The demand for software utilising predictive analytics is increasing dramatically. According to recent estimates, the market is expected to reach a value of USD 10.95 billion by 2023, with a compound annual growth rate of 21%. Predictive analytics present a number of advantages to retail businesses, enabling them to gain a competitive edge.

Learn your audience and cater to them.

When working in the retail sector, it is essential to have a comprehensive understanding of the customer base in order to develop effective marketing strategies. In order to meet the expectations of consumers, who are increasingly wanting personalised recommendations, retailers need to make use of data. Whilst self-reporting can be unreliable, retailers need access to customer data in order to gain the necessary insights. Fortunately, with the help of big data, stores can now obtain the information they require.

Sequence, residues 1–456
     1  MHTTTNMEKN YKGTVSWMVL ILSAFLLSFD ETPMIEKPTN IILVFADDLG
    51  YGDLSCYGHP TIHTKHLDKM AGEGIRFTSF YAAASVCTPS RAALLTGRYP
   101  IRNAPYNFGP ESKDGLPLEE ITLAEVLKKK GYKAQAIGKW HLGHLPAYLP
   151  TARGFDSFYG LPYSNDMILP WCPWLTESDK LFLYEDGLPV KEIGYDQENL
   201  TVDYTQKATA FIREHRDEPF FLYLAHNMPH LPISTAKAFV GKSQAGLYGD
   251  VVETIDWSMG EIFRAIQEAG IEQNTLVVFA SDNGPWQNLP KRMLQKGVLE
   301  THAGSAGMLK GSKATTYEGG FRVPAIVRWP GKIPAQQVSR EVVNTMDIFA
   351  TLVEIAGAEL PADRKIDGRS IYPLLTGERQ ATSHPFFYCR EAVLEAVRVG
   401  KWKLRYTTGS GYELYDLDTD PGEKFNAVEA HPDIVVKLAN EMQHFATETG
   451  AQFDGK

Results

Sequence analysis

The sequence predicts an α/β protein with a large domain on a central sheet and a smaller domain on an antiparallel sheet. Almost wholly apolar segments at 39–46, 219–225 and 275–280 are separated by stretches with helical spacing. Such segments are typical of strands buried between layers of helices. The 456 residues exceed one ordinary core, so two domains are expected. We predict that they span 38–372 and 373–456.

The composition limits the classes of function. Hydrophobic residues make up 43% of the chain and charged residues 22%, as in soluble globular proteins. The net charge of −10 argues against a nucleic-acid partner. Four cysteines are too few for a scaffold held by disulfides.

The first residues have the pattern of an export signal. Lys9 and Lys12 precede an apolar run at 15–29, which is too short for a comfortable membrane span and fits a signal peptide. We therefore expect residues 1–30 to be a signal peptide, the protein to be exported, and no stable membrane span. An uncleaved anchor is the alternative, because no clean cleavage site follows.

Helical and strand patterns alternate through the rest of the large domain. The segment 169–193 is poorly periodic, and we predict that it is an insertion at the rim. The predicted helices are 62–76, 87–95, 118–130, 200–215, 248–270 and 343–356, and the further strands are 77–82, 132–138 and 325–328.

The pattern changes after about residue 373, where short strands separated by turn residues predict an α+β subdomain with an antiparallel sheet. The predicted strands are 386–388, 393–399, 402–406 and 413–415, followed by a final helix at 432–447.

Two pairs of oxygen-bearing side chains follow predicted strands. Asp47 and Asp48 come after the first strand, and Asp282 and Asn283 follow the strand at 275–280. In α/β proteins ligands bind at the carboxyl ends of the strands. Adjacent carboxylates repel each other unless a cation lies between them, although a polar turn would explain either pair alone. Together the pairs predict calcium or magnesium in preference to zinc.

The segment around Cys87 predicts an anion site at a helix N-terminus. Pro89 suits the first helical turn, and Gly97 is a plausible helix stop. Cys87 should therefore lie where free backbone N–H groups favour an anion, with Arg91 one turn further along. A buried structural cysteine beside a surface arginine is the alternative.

Retailers can access a wealth of consumer data, including transaction data, interaction data, and external data, to inform their marketing strategies. Transaction data refers to details of a single purchase, such as the date, item(s), and payment method. Interaction data, on the other hand, includes data on what a user clicks on while navigating a website or social media channel. External data, meanwhile, encompasses any and all information not directly related to the purchasing decision but relevant to the process, such as seasonal trends or traffic patterns. By gathering and analysing this data, retailers can refine their marketing efforts to better meet the needs of their customers.